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A small machine (1 core, 1 GB RAM, CentOs 6.3) virtualized via Citrix Xen has 3 virtual disks with very different sizes.

> cat /etc/fstab (snippet)
...
/dev/mapper/vg_stagingnfs-lv_root   /   ext4    defaults    1   1 # on /dev/xvda
/dev/disk/by-uuid/8048fd86-3aa3-4cdd-92fe-c19cc97d3c2e  /opt/xxx/data/nexus ext4    defaults    0   0
/dev/disk/by-uuid/58f16c69-786e-47d0-93ae-d57fb0cbd2a9  /opt/xxx/data/nfs   ext4    defaults    0   0

> mount (snippet)
...
/dev/mapper/vg_stagingnfs-lv_root on / type ext4 (rw) 
/dev/xvdb1 on /opt/xxx/data/nexus type ext4 (rw)
/dev/xvdc1 on /opt/xxx/data/nfs type ext4 (rw)

> df -h (snippet)
...
/dev/mapper/vg_stagingnfs-lv_root
                      5.5G  3.1G  2.2G  59% / 
/dev/xvdb1            2.0T   60G  1.9T   4% /opt/xxx/data/nexus
/dev/xvdc1            729G  144G  548G  21% /opt/xxx/data/nfs

Device /dev/xvda is a virtual disk inside a "storage repository" backed by a 4-Disk-Raid5. Devices /dev/xvd{b|c} are virtual disks both inside another "storage repository" backed by another 4-Disk-Raid5. Disk performance between (let's keep it simple) xvda and xvdb is dramatically different:

> dd if=/dev/zero of=/root/outfile bs=1024k count=1000
1048576000 bytes (1.0 GB) copied, 8.61225 s, 122 MB/s

> dd if=/dev/zero of=/opt/xxx/data/nexus/outfile bs=1024k count=1000
1048576000 bytes (1.0 GB) copied, 86.241 s, 12.2 MB/s

I haven't spotted any obviously explaining differences via top, atop, iotop or iostat. During both dd-ings I notice 3 main commands causing load: dd, flush-xxx and jdb2/xvdbxxx. Main types of load are %sy and %wa. During dd-ing on xvda relation %sy:%wa seems roughly like 20%:80%, during dd-ing on xvdb it's almost looks like 0%:100%.

Now the big question: WTF? I'm running out of ideas how to further track down the root cause. Any ideas how to get to the bottom of this?

Your help is highly appreciated!

I'll add some extra information:

  • both storage repositories are LVM-backed
  • both are local to the Xen host
  • strange: the faster storage repository contains virtual disks of > 20 other VMs (and xvda of this VM); disks xvdb/xvdc are the only disks in the slower storage repository and are only attached to this very VM. Anyway I additionally created a third virtual disk on that slow storage repository and attached it to a different VM - same effect...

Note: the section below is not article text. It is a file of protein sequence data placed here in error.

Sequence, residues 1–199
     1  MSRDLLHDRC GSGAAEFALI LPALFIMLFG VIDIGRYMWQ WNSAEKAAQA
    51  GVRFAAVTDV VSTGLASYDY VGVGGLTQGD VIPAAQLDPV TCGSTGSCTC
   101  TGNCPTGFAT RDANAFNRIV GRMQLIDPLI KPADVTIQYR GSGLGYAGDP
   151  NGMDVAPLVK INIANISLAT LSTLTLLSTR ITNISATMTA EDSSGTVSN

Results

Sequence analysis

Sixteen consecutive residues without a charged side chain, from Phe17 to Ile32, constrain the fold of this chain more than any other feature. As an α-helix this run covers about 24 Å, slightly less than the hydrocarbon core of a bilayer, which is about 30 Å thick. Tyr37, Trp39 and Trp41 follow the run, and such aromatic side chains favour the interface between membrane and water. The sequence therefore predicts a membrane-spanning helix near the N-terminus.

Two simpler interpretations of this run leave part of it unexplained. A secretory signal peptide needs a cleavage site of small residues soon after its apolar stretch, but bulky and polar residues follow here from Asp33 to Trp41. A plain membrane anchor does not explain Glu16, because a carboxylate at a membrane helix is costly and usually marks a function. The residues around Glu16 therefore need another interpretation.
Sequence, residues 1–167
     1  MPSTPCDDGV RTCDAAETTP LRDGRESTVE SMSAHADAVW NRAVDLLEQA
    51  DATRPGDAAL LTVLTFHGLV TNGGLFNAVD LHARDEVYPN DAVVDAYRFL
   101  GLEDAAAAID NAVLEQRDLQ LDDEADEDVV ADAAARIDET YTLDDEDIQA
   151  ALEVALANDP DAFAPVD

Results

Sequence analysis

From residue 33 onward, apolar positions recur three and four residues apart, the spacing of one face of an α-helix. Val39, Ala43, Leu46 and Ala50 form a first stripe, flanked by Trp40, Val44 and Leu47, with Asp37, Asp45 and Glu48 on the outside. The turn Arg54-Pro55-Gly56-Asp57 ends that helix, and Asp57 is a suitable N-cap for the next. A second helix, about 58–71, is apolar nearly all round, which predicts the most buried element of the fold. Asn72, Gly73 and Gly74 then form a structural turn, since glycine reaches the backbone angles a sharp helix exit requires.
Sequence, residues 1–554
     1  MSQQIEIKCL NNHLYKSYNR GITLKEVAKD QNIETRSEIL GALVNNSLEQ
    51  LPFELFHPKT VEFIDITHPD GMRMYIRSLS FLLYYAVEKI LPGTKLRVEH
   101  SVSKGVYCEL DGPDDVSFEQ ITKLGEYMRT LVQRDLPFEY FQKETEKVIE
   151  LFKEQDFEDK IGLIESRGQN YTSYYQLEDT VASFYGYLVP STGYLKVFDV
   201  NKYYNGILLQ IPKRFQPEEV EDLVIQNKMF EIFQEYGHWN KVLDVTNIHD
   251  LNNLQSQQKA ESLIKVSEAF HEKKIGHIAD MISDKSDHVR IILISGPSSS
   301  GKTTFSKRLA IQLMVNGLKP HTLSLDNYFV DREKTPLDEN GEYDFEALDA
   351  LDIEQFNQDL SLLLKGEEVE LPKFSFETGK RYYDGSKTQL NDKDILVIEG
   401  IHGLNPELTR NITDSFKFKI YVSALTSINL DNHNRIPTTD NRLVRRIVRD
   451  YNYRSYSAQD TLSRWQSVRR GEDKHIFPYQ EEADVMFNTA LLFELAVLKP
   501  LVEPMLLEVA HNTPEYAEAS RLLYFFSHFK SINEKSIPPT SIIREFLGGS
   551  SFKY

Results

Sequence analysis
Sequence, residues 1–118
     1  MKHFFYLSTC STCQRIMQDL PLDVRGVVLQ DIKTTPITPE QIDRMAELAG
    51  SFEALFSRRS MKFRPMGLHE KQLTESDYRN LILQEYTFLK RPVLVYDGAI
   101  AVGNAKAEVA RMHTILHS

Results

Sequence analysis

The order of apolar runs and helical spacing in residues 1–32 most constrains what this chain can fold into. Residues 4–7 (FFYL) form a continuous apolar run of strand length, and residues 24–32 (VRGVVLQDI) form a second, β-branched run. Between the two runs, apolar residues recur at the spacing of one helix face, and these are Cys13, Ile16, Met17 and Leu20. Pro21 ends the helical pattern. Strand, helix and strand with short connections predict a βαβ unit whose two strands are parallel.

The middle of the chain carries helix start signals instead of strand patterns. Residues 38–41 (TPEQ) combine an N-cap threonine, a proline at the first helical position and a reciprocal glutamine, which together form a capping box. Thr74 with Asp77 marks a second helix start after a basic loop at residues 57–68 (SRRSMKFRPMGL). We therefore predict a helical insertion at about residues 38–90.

Information gathered on the Xen host (mostly looking for evidence of bad disks):

# xe sr-list (snippet)
...
uuid ( RO)                : 88decbcc-a88c-b368-38dd-dc11bfa723f6
          name-label ( RW): Local storage 2 on xen-build2 
    name-description ( RW): RAID5 4x1TB 7.200 rpm MDL Disks # a.k.a. the too slow one
                host ( RO): xen-build2
                type ( RO): lvm
        content-type ( RO): user
uuid ( RO)                : b4bae2a7-02fd-f146-fd95-51f573c9b27d
          name-label ( RW): Local storage 
    name-description ( RW): # a.k.a. the reasonably fast one
                host ( RO): xen-build2
                type ( RO): lvm
        content-type ( RO): user

# vgscan -v (snippet)
Wiping cache of LVM-capable devices
Wiping internal VG cache
Reading all physical volumes.  This may take a while...
Finding all volume groups
Finding volume group "VG_XenStorage-88decbcc-a88c-b368-38dd-dc11bfa723f6"
Found volume group "VG_XenStorage-88decbcc-a88c-b368-38dd-dc11bfa723f6" using metadata         type lvm2
Finding volume group "VG_XenStorage-b4bae2a7-02fd-f146-fd95-51f573c9b27d"
Found volume group "VG_XenStorage-b4bae2a7-02fd-f146-fd95-51f573c9b27d" using metadata type lvm2

# lvmdiskscan (snippet)
...
/dev/sdb     [      838.33 GB] LVM physical volume # reasonably fast
/dev/sdc     [        2.73 TB] LVM physical volume # too slow
3 disks
16 partitions
2 LVM physical volume whole disks
1 LVM physical volume

# vgck -v
Finding all volume groups